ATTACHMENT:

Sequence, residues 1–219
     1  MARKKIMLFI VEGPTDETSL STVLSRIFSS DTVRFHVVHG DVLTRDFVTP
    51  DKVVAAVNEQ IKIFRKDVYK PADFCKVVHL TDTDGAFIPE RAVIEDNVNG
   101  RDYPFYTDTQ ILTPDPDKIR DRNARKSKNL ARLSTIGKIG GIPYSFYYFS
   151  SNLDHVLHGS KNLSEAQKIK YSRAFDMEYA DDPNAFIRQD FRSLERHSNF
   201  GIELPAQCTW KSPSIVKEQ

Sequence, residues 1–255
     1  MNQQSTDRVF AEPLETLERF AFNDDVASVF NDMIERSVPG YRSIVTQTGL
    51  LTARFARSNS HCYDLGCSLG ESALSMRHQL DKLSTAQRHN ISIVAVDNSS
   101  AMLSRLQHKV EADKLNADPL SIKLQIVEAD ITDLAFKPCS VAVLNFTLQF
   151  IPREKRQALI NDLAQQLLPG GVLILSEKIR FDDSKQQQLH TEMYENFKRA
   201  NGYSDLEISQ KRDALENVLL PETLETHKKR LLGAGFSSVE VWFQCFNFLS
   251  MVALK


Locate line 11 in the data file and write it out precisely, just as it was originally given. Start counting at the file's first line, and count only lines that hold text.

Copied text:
   151  IPREKRQALI NDLAQQLLPG GVLILSEKIR FDDSKQQQLH TEMYENFKRA